Give Ideas Credit, Not Credit for Ideas 
Give Ideas Credit, Not Credit for Ideas
by Stanford / Marissa Mayer
Video Lecture 2 of 10
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Date Added: January 28, 2010

Lecture Description


Both the enterprise and the end users are better served by a culture that revolves around rewarding great ideas, rather than the self-promotion of getting others to acknowledge the contributions of an individual. Marissa Mayer, Vice President of Search Products & User Experience at Google, believes that if you fill a room with smart people and give them access to information, brilliant ideas will flourish, and the need for a strict management hierarchy dissolves. A platform for the free-form sharing of ideas promotes an open culture and a flat organization.




Transcript



Share everything you can. And I think that one of the things that's been really fundamental about Google is we have an incredibly open culture. Until we went public, in fact, until about three months before, our VP of sales got up every day and told us the revenue numbers for the company. And it's amazing when you take a lot of smart, motivated people and give them access to a huge amount of information, how well informed their choices are about what they want to work on and what needs to be done. And I think that's been, you know, really amazing, because it's helped us manage the organization in a way that's really flat. So, you know, you may have heard things like, you know, GE has a 1 to 12 rule, which means for every 12 employees there's 1 manager. You know, we've had a very flat organization, so we have situations where we have 40 or 60 employees with 1 manager. And the idea there is we want people, if they can prioritize their own time and manage themselves really well because they have access to a really broad array of information that works well and it gives them the empowerment and feeling of independence that they need to be really successful. And share everything you can also applies to another philosophy that I think is rather interesting, which, you know, it really struck me from a book that was written by Tom Kelly called "The Art of Innovation." And he has a concept there around taking credit. And he'll say that, you know, one thing that happens sometimes is that when people come up with idea, they'll think that they have a really good idea, and they throw it out there to the organization and then they follow it around, because they want to make sure that everyone knows it's their idea, right? And he said that, you know, there will be people who will become so consumed with, you know, does everyone know this is my idea, that they ultimately stop producing new ideas. And he said that, you know, he made this observation that at IDO he saw this phenomenon where people who just put all their energy into coming up with the most ideas possible and not really worrying about where those ideas flowed inside the organization, or how they got used, or whether or not they got credit, ultimately ended up flourishing more, because they became known as such fountains of ideas that, you know, someone would say, "Well, where did this idea come from?" And they'd say, "Well, I don't know, you know, maybe it was Joe. Joe always has ideas." It was this very interesting concept of not being territorial to the point of actually hindering yourself, and I think it was a really interesting observation, and it's something that we do a pretty good job of practicing at Google, which is not to say that people don't get credit for ideas that they come up with, but I think that people are focused more on the users and on innovation and less on how they themselves, you know, are fulfilled, and as a result they actually have a more fulfilling experience and, you know, are noted for their achievements more.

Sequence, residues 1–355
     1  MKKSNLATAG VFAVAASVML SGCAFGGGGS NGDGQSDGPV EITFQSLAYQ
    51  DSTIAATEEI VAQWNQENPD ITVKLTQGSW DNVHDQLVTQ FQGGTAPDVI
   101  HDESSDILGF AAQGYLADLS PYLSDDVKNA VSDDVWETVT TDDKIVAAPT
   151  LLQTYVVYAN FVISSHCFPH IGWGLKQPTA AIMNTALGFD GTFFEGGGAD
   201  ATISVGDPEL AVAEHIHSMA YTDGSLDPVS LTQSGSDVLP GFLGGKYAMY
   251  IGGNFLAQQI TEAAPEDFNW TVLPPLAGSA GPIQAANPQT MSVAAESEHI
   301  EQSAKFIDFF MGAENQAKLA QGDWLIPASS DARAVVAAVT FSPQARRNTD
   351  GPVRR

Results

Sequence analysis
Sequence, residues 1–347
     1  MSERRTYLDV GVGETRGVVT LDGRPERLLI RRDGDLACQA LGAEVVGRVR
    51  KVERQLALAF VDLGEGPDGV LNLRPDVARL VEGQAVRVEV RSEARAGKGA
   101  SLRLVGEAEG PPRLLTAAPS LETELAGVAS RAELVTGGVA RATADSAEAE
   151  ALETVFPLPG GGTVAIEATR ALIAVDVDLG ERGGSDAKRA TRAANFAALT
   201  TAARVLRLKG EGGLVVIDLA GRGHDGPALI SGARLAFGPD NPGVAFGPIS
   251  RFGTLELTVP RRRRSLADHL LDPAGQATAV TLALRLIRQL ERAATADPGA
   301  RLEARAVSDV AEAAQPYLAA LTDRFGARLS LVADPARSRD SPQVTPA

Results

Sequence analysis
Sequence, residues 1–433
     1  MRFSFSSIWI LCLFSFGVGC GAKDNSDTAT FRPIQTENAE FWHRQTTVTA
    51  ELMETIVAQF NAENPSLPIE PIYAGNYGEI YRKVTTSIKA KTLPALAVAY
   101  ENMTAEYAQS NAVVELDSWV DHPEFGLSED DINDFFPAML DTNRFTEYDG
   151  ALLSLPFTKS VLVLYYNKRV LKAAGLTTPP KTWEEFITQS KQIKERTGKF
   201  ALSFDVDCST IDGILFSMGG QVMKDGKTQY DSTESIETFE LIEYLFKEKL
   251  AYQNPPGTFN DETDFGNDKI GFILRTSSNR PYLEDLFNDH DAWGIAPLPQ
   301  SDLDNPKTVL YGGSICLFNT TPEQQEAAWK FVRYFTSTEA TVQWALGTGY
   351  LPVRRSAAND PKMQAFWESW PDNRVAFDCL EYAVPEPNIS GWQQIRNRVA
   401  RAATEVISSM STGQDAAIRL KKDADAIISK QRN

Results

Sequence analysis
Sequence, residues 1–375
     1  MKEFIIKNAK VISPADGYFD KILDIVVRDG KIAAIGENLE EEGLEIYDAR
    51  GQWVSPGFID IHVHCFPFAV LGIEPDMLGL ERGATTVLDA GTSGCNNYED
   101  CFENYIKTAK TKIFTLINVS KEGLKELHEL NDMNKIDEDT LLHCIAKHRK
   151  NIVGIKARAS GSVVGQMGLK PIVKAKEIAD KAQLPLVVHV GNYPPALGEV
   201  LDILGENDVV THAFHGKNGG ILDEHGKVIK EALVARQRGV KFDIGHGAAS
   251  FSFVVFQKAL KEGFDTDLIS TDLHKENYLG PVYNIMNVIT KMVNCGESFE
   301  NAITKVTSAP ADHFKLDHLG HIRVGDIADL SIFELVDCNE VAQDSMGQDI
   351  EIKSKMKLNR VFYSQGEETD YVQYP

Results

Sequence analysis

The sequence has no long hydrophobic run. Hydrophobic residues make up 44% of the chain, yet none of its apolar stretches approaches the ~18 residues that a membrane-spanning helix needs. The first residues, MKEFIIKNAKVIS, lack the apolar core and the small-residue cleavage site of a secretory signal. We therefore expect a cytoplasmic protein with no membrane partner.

Course Index

Course Description


Marissa Mayer lectures on Entrepreneurship for Stanford University students, May 17, 2006. Marissa Mayer leads the product management efforts on Google's search products- web search, images, groups, news, Froogle, the Google Toolbar, Google Desktop, Google Labs, and more. In this Stanford lecture, she talks about learning from mistakes and pursuing dreams.



Related Links:
http://www.google.com

Last Updated: Fri, Oct 31, 2008



Course Details:

- Entrepreneurial Thought Leader Speaker Series

- Stanford University's Entrepreneurship Corner (ecorner)



Original Course Name: Entrepreneurial Thought Leader Speaker Series.

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